The art and science of Chinese Medicine includes the practice of acupuncture, tuina (meridian-based massage), qigong (life-force cultivation), dietary therapy, and herbal medicine. This essay will introduce the basic principles used in Chinese herbal medicine, and provide a listing of the categories of herbs.
Tastes, Temperatures & Channels Entered
The way that an herb acts within the body – and hence its therapeutic effect – is determined by its temperature, its taste and the channels/meridians that it enters. An herb’s temperature is classified as hot, warm, neutral, cool or cold. In line with common sense, cool and cold herbs are used to treat hot conditions, while warm and hot herbs are used to treat cold conditions. The tastes ascribed to herbs include sweet, sour, bitter, acrid and salty. Sweet herbs are used to tonify qi. Sour herbs have an astringent effect in the body. Bitter herbs are used to dry damp and clear heat. Acrid herbs have the power to disperse cold and move stagnation. Salty herbs are used to soften and purge.
Occasionally just a single herb is prescribed for a patient’s condition. Far more common, however, is for several herbs to be combined into an herbal formula. In the context of an herbal formula, a single herb acts not only according to its own taste and temperature and channels entered, but also in concert with the other herbs in the formula. The overall effect of a formula is the result of the synergy or alchemy created by the combination of the single herbs.
Chinese Herbal Categories
The herbs included in the Chinese Materia Medica are organized into categories. The categories are based upon Chinese medical diagnostic patterns. The herbs in the “dispel wind dampness” category, for instance, are those most commonly used with diagnoses of “Wind-Damp”(e.g. in various skin conditions). The herbs in the “supplement” category are those called upon to remedy “vacuity” conditions (when the body’s yin, yang, qi or blood needs support). Following is a complete listing of the herbal categories currently in use. For a listing of the individual herbs in a specific category, click on the category title. (Please note: This is a work in progress!)
Release Exterior. Herbs in this category – through their outward, dispersing action - repel external pathogenic influences (e.g. when we’re on the verge of getting a “cold”).
Clear Internal Heat. Herbs in this category clear internal heat of all kinds: vacuity, repletion, toxic-heat, heat in the blood, damp heat.
Precipitate. Herbs in this category are used primarily to treat constipation, and include cathartics, purgatives and laxatives.
Drain Dampness. Herbs in this category promote urination, so are useful for treatment of edema and urinary disorders.
Dispel Wind Dampness. Herbs in this category increase circulation and decrease swelling/inflammation, and are used largely to treat arthritis and skin conditions.
Transform Phlegm and Stop Cough. Herbs in this category clear phlegm and relax the cough reflex.
Aromatic Transform Dampness. Herbs in this category revive a Spleen overwhelmed by dampness.
Disperse Food Accumulation. Herbs in this category move stagnation.
Rectify Qi. Herbs in this category move Liver qi and remove stagnation from the digestive system.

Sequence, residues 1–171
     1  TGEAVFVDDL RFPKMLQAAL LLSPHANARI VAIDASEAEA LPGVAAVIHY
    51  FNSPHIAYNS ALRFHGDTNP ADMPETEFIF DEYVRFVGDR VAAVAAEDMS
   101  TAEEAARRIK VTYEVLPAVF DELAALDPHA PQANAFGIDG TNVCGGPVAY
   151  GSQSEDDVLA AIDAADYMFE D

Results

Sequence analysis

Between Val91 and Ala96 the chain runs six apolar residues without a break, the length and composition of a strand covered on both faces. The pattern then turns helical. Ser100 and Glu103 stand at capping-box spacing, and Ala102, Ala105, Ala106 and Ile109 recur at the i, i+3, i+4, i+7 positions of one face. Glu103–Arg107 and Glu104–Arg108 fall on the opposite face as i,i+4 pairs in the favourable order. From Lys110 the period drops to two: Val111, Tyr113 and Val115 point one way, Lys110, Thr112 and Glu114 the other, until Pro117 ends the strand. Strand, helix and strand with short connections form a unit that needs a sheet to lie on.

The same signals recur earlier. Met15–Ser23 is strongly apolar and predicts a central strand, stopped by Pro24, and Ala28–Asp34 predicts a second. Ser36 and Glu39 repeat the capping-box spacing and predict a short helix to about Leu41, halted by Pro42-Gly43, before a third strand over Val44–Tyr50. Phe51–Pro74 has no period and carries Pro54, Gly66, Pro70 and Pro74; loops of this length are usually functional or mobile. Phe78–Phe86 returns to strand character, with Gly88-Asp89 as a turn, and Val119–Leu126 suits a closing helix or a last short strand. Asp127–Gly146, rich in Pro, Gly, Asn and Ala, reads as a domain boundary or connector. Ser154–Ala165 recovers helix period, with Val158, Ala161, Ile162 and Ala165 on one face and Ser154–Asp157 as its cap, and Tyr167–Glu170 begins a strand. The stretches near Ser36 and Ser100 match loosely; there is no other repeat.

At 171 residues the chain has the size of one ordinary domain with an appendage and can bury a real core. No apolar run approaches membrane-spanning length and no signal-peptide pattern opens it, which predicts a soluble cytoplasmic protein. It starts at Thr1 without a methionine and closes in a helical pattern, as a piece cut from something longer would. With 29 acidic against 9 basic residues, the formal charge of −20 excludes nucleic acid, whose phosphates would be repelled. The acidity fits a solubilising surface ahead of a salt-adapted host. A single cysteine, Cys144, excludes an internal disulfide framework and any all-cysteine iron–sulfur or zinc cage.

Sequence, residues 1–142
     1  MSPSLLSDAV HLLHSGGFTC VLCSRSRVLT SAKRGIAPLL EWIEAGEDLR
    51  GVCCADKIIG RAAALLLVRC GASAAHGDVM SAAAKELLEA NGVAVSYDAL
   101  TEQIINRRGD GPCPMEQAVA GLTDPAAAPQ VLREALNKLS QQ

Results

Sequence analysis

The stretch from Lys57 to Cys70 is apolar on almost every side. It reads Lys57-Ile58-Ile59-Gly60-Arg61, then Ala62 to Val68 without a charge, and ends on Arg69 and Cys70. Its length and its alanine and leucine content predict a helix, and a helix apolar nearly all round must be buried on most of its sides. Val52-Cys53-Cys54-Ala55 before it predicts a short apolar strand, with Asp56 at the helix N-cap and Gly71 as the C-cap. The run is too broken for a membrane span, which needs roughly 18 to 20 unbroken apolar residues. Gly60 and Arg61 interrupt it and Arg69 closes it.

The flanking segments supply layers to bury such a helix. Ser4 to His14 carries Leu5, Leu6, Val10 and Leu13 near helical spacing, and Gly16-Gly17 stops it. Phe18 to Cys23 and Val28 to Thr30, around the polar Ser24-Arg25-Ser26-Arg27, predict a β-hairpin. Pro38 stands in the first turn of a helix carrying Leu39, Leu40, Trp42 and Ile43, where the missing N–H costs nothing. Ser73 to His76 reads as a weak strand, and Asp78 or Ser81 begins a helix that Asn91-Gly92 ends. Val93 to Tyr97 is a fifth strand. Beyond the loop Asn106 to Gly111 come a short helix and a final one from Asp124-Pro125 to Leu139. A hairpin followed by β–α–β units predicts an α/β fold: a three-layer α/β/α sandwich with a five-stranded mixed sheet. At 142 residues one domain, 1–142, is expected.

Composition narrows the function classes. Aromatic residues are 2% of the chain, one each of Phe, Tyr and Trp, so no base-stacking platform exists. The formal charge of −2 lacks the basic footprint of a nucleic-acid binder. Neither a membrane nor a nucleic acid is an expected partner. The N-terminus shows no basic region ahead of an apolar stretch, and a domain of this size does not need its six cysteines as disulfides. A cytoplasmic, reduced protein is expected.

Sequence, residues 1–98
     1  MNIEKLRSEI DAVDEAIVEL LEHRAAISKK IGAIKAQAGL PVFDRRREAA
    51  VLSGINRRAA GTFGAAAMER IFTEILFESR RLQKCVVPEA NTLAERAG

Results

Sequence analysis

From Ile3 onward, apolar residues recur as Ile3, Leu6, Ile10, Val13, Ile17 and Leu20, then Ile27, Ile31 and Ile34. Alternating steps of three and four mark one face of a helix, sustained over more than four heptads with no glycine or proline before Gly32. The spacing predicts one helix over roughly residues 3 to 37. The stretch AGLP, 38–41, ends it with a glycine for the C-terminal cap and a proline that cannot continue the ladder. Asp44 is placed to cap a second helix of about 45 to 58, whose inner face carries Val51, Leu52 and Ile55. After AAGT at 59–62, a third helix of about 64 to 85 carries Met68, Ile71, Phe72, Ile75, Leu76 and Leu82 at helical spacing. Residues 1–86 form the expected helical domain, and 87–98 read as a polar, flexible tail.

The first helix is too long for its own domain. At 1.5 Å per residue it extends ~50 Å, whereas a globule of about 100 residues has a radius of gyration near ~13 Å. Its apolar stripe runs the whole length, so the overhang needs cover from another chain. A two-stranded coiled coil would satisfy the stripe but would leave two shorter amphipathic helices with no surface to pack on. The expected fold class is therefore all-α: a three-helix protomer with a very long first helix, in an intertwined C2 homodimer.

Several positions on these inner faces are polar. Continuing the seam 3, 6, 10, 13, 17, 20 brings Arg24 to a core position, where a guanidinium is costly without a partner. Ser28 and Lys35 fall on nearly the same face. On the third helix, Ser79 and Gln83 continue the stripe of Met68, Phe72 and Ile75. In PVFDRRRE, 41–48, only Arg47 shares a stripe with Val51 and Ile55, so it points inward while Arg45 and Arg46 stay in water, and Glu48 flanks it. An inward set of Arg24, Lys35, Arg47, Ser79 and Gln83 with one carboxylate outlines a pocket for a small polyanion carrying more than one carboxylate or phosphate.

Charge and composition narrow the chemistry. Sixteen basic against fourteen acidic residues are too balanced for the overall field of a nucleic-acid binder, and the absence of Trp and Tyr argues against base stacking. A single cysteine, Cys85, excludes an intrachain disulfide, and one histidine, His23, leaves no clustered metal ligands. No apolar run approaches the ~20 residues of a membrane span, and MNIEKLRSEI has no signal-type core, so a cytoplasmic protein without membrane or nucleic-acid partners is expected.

Rectify Blood. Herbs in this category either stop bleeding or increase circulation to remove blood stagnation.
Warm Interior. Herbs in this category support metabolic functions (associated with the Spleen) by dispelling cold and reviving the digestive fire.
Tonify/Supplement. Herbs in this category are used to nourish and strengthen the body by supplementing yin, yang, qi and blood. The “tonics” in this category are considered superior to all other herbs, because they can be used for prevention of disease as well as treatment (e.g. in formulas supportive of Taoist Inner Alchemy longevity practices).
Astringe. The herbs in this category dry excessive secretions (diarrhea, urination, sweating).
Calm Spirit. The herbs in this category have a calming effect, and are useful in treating anxiety, insomnia, irritability, etc.
Aromatic Open Orifices. The herbs in this category are used to revive consciousness.
Extinguish Wind, Stop Spasm. The herbs in this category are useful in treating muscle spasms or any kind of involuntary movements, as well as hypertension.
Expel Parasites. The herbs in this category are used to destroy or expel parasites.
External Use. The herbs in this category are applied topically for sprains, spasms, bruises or skin problems (e.g. in Shaolin/Taoist herbal training formulas used to treat martial arts injuries).
How To Read the Chinese Materia Medica
Here’s a sample entry from the Chinese Materia Medica, for an herb you’re likely already to have in your kitchen: Cinnamon Bark. As you’ll see, the entry begins with Pin Yin as well as Latin names for the herb, then moves on to list its qualities and actions, and ends with a dosage recommendation. In terms of the herb categories outlined above, Cinnamon Bark belongs primarily to the “Warm Interior” category, and secondarily to the “Supplement (Yang)” category.
Pin Yin Rou Gui
Common Name Cinnamon Tree Bark
Botanical Family Lauraceae
Botanical Name Cinnamomun cassia Presl.
Primary Action Warm Interior
Secondary Actions Supplement Yang
Taste Acrid, Sweet
Entering Channel KD, SP, LV, UB
Actions Warms Kidneys & Supplement Yang; Warms Middle & Disperses Cold; Warms the Channels; Guides the true Fire back to the Kidneys
Dosage 0.3 – 1.0 qian
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